This white lie is actually kind of bad, as it’s very harmful to have people like this in your organization, whether it’s designers or not. Instead of speaking their mind, they don’t care, as long as they get paid. 

Why do we tell these white lies?

As I said in the beginning, there’s an interesting talk to be had here. Is it only designers who tell these small white lies and if so why do we do it?

We’ll put the small white lies aside because as long as you get the job done, I don’t think nobody cares if you stay up all night and binge watch your favorite show. However, not communicating with your team and keeping what you're truly mean to yourself is not healthy for the organization. And this doesn't just apply to designers.

Why do people do it?

My guess is, it has to do with a method called fear of losing. An old but very proven psychology trick. When you’re afraid you’re most likely to do something to keep you safe. That could be, not speaking your mind if you’re afraid it’s going to get you in trouble.

Just to give you another example related to design and eCommerce. You’ve all seen, 1 left in stock which translates to "I’m afraid I won’t get this item I’m better of buying it now." This fear of missing out method is also known as the scarcity principle."

As a designer, you often end up in situations where people want to change the design. Remember though that it’s a good thing. Different perspectives really help to solve the problem. As a designer the faster you find out that the solutions are not working, the faster you can change it for the better. A big part of design work is testing your work.

On the other hand, if you hired a designer and he comes back with nothing like what you proposed, remember that it’s not because he didn’t like your solution. Often designers listen to the problem and not the solution to the problem. So when you finally receive the design make sure to be open minded and improve on the design instead of saying “This is not what I had in mind”. This always makes me think of Henry Ford when he asked people: What they want? And they wanted a faster carriage – not a car.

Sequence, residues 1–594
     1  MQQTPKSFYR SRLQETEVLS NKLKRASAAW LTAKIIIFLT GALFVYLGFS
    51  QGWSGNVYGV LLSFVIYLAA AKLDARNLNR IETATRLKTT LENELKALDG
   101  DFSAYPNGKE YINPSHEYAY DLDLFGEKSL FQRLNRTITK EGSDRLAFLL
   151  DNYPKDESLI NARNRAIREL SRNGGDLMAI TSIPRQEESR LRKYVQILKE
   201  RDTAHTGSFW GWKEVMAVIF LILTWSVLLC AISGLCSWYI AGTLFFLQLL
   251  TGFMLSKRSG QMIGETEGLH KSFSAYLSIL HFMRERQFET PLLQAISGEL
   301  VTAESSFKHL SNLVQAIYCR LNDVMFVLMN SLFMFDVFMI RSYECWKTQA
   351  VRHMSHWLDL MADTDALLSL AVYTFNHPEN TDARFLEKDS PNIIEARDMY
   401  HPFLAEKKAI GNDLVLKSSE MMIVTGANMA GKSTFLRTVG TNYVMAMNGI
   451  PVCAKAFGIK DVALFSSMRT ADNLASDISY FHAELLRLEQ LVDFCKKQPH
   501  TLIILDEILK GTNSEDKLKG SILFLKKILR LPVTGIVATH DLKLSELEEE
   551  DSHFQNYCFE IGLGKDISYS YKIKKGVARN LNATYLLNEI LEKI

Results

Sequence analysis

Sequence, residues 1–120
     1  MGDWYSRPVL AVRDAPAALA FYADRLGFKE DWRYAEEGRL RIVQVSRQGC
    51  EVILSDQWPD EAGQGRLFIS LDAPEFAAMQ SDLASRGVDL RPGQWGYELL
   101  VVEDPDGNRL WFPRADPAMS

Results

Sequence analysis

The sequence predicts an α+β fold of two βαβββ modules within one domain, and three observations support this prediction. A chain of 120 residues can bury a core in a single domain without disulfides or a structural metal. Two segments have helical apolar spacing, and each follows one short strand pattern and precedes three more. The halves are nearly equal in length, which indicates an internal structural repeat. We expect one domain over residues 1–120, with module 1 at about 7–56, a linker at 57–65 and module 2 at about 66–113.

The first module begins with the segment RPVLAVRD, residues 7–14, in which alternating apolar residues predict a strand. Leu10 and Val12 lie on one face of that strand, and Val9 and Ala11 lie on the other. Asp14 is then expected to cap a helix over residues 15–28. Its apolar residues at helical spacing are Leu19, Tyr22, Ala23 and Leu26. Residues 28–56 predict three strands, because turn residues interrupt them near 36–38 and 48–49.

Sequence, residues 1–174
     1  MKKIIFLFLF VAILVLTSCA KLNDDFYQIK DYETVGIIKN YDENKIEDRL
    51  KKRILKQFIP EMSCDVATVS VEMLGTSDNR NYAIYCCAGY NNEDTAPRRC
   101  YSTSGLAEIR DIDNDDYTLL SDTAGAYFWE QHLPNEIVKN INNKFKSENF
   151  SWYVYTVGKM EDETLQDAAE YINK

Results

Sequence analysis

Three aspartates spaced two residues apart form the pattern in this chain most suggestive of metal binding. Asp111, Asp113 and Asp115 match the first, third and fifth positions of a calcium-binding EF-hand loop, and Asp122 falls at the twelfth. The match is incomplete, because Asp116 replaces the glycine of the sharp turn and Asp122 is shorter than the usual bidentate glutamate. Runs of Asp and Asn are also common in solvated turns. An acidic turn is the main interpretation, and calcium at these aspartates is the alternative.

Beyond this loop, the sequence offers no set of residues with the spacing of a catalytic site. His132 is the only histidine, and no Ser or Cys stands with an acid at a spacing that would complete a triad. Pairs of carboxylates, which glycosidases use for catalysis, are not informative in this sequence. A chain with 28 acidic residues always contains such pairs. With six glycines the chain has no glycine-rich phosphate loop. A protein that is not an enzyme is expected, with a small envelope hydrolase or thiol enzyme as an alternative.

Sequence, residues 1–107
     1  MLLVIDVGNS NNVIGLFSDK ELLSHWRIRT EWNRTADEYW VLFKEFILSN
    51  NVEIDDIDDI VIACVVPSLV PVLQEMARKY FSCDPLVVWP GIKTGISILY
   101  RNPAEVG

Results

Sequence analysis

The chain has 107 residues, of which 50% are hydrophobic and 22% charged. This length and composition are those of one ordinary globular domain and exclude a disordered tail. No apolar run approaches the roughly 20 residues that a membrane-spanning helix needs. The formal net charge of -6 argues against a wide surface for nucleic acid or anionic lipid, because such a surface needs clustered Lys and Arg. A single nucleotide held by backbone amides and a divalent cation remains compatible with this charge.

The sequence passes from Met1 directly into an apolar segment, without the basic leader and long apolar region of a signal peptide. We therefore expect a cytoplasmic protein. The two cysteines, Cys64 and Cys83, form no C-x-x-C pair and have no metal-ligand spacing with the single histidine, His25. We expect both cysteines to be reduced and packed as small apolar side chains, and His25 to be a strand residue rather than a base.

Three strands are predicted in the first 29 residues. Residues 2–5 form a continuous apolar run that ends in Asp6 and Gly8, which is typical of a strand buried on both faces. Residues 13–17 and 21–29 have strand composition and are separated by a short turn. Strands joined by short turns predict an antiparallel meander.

Online people don't just want a static presentation - they want an engaging experience where they can interact. 

But here's the kicker:

You have easily give them what they want!

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How to foster good communication with a designer

Here are some quick tips to get a good communication going:

1. Make sure there’s mutual understanding of the problem

2. Explain your business goals (but also know, they are no more important than user goals)

3. User goals. What’s the primary use for the site/feature?

4. Make sure the designer listens to you — remember you have all the knowledge

If you keep this in mind you're off to a flying start with your designer and also a huge step towards better communication in the organization. 🙌

Lastly, remember if there’s something you think isn’t right with a design, ask the designer what problem he or she was trying to solve with this design? And I’ll bet there’s a good reasoning behind it.

I’ll sum this up, by saying you should foster a good communication in your organization and make sure everybody can speak what’s on their mind.

Interested in more about design? Get our free eBook Designing for Digital »

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If you have anything you want to share about the interface, just let me know.  I'm here to improve it for you! 

Related read: Advantages & Constraints of Designing for Digital and print

About the author

Valentin Jørgensen

Valentin Jørgensen

UX designer @iPaper. I'm a user advocate and passionate about solving problems. I care deeply about brands that resonates and goes the extra mile to put a smile on people’s faces. Big fan of Steves Krug's approach "Don't make me think". I like nature and carrots.